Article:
Factors influencing perceived appropriateness of concessioner activity in Grand Teton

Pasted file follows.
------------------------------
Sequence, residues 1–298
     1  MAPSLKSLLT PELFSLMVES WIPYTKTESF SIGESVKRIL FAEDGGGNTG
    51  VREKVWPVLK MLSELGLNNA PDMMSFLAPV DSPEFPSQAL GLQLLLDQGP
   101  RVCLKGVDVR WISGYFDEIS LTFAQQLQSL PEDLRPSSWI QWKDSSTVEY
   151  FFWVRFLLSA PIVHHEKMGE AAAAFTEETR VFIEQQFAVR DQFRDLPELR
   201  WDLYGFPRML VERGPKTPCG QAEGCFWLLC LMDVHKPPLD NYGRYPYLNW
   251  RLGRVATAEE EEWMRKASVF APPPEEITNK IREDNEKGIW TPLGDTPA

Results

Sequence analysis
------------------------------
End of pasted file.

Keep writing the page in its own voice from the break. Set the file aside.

Concessioner provided services are integral to the national park visitor experience, and with visitation across NPS units growing steadily, services provided by these public-private-partnerships will likely only increase in importance. Despite this, concerns exist regarding the presence of for-profit entities within national parks. While private businesses may be more responsive to consumers, their presence raises questions regarding equity, access, and perceptions of ownership. The purpose of this study was to assess factors that may influence visitor’s perceptions of appropriateness regarding (a) current and (b) future concessioner activities within Grand Teton National park (GTNP). Regression analyses indicate the importance of personal values, rather than actual experiences (positive or negative) with concessions in shaping perceived appropriateness of future concessions activity. Satisfaction with concessions services, amount of concessions activity that respondents perceived in the park in the present, and trust in GTNP were all non-factors in determining anticipated future appropriateness. Instead, a belief that concessions activity would increase, social liberalism, economic conservatism, and place identity with GTNP were related to perceptions that concessioner activity at GTNP would be inappropriately high in the future. Although the regression predicting future beliefs was robust (R2 = 0.43), no variables significantly predicted current beliefs (R2 = 0.05).
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